3. Bolt, etc are “easy” and the simplistic tabloid style works actively against the sort of argument by logic and evidence demanded at a site like LP.
    LP, to quote Herman Hesse, was “not for everyone”.
    Other more plausible reasons for the demise of LP are extent.
    Technology has bypassed it- the very same technology that made it attractive as an alternative, has rendered it only one alternative among many.
    For downmarket, there is still Alan Jones and the Tele, also ACA and TDT, as well as Bolt and co online.
    But for more sophisticated readers there is now also the Drum, a mezzanine for both news and commentary. More conservative than LP, it is still rational to the point where it is tolerable for genuine inquiry and conversation rather than exclusively, infantile Hansonish soundings-off based on ignorance and prejudice. And there are still some reasonable progressive sites going: Quiggin, of course, Sauer Thompson, Political Sword, Club Troppo, No Place for Sheep, and several more whose names escape me for the moment.
    Then there is Facebook. Large numbers of small LP type locations informally coalesce at FB and a wealth of information is garnered from media and presented there for discussion and comment.
    You could ask if LP was in fact genuinely “finished” in the sense that many other blogs have become “finished”.
    It could have kept going for a while longer, it was relatively trusted and still a place for good information and discussion.
    It survived for as long as did because it was collegiate, but after seven years they had likely grown weary of the grind of producing a constant flow of intelligible and informative thread starters and then sorting the chaff from the wheat as to replies, through moderation.
    If a person hadn’t learnt what they needed to know as to how approach media, public affairs info and enriching analysis and discussion of issues after this amount of time, there was probably very little more they could do for you.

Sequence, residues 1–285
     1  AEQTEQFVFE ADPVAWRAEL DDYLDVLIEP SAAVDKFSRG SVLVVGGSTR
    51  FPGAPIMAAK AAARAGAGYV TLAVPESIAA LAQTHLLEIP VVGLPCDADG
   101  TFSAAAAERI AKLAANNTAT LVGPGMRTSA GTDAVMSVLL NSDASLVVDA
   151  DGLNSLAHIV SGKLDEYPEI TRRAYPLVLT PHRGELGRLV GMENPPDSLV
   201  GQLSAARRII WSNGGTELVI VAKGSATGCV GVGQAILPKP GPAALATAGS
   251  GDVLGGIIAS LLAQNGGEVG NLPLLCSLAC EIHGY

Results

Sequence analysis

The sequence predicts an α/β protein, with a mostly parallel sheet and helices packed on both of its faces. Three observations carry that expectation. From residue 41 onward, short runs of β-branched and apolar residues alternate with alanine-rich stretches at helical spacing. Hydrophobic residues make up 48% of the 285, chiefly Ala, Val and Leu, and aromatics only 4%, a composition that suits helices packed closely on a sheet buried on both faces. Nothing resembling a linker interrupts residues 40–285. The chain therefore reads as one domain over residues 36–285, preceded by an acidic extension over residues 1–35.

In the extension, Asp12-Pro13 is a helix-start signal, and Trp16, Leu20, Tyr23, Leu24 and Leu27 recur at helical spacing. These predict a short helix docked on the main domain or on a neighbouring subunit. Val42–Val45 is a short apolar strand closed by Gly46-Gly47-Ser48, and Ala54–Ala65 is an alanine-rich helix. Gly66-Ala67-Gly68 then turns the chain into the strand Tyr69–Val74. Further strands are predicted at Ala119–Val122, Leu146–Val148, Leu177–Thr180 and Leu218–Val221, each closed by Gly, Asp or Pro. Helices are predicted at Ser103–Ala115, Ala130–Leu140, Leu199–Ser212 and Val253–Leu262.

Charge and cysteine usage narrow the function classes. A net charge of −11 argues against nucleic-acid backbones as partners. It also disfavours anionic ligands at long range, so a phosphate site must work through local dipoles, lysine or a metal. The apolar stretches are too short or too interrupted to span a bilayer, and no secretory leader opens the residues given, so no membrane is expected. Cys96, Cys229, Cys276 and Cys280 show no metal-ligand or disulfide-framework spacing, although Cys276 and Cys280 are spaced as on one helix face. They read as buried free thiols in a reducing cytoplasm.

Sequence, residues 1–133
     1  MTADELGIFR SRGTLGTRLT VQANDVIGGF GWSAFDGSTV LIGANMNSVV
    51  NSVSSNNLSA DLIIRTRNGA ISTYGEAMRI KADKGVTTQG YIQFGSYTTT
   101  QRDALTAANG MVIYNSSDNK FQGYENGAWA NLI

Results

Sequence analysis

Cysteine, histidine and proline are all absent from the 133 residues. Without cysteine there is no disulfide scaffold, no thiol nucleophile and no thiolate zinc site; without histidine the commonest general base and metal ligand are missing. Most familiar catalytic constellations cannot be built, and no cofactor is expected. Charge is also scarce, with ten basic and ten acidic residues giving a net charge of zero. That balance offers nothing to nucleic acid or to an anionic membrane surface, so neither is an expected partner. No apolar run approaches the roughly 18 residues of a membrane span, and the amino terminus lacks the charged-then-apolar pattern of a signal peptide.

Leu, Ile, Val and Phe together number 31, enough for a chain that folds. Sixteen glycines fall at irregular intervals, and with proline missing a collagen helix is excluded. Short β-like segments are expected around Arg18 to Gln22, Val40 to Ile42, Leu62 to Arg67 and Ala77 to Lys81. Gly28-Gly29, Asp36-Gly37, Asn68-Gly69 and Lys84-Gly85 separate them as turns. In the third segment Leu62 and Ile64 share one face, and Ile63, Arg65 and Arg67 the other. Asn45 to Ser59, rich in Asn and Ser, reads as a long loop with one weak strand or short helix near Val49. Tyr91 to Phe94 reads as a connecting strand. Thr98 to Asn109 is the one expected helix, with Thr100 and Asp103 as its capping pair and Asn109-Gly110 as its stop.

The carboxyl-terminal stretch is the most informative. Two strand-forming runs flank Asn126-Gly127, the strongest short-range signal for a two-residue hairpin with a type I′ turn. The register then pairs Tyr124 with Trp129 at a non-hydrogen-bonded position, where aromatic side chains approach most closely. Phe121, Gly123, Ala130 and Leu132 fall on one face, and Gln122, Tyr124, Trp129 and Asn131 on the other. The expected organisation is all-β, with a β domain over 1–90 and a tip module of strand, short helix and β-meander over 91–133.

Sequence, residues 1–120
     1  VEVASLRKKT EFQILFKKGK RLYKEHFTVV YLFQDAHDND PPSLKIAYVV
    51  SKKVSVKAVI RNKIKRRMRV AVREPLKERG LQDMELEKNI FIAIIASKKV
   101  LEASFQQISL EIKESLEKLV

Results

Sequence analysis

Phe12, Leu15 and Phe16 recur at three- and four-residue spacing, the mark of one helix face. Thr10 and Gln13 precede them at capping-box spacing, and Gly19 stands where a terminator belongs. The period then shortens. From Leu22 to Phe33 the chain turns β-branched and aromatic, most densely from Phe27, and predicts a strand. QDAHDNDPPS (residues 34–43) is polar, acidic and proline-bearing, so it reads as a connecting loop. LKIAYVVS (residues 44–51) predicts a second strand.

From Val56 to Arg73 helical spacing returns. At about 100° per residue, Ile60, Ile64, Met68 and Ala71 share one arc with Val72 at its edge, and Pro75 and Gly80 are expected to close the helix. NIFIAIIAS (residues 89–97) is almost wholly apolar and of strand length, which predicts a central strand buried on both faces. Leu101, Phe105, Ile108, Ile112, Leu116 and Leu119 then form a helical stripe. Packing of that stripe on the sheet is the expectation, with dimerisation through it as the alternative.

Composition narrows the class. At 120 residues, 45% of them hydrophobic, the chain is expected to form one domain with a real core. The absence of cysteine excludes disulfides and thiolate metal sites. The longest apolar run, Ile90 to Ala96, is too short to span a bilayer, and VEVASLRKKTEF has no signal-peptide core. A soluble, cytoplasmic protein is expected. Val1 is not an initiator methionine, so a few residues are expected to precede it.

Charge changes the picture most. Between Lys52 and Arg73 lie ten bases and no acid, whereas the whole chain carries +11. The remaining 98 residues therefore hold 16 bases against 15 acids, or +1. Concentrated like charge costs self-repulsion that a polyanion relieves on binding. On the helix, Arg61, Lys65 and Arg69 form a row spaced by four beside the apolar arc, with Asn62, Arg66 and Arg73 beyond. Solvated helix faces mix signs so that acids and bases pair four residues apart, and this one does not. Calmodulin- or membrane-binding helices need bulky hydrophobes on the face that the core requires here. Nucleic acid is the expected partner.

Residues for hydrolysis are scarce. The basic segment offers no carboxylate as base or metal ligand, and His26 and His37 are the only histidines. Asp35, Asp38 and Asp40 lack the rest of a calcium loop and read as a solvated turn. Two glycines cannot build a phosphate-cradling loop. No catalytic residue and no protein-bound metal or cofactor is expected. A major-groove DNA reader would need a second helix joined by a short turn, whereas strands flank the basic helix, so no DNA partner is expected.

In a sense, the semester was completed.

  4. I’m glad you’re still blogging.

    I notice many people feel like they should stop once they’re no longer blogging frequently, but I don’t think that’s necessary at all. No reason why someone shouldn’t keep their blog open just to post occasionally.

  5. Maybe blogging is becoming the domain of the older person?

    Facebook and other social media are not for me! Perhaps I’m not egocentric enough?

    But I still enjoy blogging – though blogging seems to be becoming far less popular than it used to be!

  6. I can’t accept that “comment threads which are also at least as good” can be conducted in segments of 140 characters or less, this comment notwithstanding ;) The trend away from blogs to Twitter and Facebook is retrograde.

  7. The Blog is the shopfront – it is the core of your presence to the outside world on the Internet.

    Facebook, Twitter et al – are your roadside notice boards, your 15 second radio ads and your magazine advertisements – to attract punters to your blog.
    Your tweets, FB and forum comments – each one should have a short, sharp message with a tinyurl back to the relevant article on your blog.

    Don’t give up on blogging yet Andrew.